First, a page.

3. Powers of Attorney and Healthcare Directives

Stay Compliant with Your New State

Laws about powers of attorney and healthcare directives differ by state. Your existing directives should remain valid in your new state if they were executed properly in the state they were created. However, a document could be rejected if specific forms or terminology used in one state are not recognized in another state.

In addition, make sure the people you have in place for your power of attorney and healthcare proxy are still the right choice—and can fulfill their duties effectively. If you have appointed someone who lives far away, it may be difficult for him or her to perform actions on your behalf.

4. Income and Estate Taxes

Minimize Burdens and Optimize Generational Wealth

Estate and inheritance taxes can have a negative impact on your beneficiaries. This is significant as 12 states and Washington, DC currently have an estate tax, and four states have an inheritance tax.1

Wills and revocable trusts often contain clauses that fund trusts upon an individual’s death with the maximum amount of money that can pass free of state and federal estate tax (often referred to as credit shelter trusts or CST). However, because the estate tax exemption differs by state, the amount ultimately funded could differ meaningfully from the original intended amount depending on the estate tax exemption in your new home state at the time of death.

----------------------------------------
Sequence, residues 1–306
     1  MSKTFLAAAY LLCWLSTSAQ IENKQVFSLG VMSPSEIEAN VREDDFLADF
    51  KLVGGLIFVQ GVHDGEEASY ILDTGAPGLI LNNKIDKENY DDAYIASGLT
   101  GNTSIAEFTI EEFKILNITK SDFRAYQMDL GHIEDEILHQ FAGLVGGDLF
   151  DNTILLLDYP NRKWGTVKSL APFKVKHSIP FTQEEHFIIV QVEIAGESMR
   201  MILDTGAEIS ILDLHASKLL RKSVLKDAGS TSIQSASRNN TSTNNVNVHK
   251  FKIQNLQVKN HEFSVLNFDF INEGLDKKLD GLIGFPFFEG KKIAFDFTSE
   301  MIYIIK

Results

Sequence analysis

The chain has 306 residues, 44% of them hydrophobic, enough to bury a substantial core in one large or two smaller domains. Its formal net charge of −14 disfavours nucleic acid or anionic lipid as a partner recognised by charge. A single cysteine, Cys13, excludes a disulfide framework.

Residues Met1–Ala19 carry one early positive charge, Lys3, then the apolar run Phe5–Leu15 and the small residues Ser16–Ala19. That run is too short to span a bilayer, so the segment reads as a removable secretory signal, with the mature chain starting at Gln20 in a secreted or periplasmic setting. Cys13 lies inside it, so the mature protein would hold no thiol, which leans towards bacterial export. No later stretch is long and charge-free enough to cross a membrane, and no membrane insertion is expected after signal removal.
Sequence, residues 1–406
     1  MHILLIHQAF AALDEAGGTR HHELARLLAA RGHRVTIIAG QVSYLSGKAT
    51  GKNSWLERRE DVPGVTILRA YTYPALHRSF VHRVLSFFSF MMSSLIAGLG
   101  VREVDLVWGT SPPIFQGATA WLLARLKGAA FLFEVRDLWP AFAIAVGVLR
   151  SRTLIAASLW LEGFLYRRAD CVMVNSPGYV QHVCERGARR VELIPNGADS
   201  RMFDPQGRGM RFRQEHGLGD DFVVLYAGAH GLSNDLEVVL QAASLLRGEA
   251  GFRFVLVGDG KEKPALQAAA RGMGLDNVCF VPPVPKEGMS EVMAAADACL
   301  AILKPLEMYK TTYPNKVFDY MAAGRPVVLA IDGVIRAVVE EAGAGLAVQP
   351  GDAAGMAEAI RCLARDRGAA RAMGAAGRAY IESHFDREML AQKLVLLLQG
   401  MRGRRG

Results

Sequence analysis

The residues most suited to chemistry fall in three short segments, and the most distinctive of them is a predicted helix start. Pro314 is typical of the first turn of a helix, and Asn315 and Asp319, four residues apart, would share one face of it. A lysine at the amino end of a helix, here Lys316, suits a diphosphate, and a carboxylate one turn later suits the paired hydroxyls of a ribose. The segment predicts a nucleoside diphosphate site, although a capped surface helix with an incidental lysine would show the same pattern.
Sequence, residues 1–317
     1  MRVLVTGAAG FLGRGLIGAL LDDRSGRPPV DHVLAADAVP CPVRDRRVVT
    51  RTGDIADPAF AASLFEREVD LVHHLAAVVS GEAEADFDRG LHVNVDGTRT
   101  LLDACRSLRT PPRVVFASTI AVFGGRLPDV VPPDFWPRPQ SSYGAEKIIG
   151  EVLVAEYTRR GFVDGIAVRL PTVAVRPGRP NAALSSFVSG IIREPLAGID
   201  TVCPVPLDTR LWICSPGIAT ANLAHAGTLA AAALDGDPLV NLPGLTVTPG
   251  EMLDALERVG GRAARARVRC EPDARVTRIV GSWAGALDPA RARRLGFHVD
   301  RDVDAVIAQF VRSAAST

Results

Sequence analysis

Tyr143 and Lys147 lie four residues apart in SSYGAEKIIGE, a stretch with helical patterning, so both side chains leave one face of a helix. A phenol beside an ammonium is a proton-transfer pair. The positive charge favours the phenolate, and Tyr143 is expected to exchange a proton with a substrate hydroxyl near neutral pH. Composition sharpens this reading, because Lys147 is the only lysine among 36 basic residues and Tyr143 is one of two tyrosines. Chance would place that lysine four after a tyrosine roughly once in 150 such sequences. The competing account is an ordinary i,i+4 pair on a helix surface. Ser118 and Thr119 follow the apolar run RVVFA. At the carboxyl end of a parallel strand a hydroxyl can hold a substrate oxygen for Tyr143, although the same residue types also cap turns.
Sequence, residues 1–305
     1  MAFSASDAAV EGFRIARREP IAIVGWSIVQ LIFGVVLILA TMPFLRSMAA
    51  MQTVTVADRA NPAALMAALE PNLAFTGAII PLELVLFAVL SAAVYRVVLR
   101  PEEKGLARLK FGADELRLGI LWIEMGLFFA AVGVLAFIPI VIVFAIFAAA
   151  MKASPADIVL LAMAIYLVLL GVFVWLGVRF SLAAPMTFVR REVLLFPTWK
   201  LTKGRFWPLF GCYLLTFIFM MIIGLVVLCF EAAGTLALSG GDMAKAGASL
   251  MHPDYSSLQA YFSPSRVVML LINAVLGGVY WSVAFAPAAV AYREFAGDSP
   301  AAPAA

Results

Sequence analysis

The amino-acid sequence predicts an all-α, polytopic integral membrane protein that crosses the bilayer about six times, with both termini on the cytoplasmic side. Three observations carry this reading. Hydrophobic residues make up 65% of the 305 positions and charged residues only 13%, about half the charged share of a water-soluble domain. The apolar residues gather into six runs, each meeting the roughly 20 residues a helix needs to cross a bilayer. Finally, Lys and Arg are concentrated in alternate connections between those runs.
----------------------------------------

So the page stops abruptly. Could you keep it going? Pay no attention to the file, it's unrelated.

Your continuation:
For married couples, an estate plan often funds a CST with the maximum amount that can pass free of state and federal estate tax. The balance of the estate is then often used to fund a marital trust.

For example:

  • If a couple resided in New York and one spouse died in 2024, the CST would be funded with a maximum amount of $6.94 million, the current New York estate tax exemption.
  • However, if the couple moved to Florida and never changed their documents, that amount would increase substantially because Florida does not impose an estate tax. In that case, the trust would be funded with a maximum amount of $13.61 million, the federal exemption amount for 2024 (minus any exemption used during the deceased spouse’s lifetime).
  • If there are other beneficiaries, this could lead to a difficult situation for the surviving spouse if the goal of the trust was to provide for the remainder of his or her life.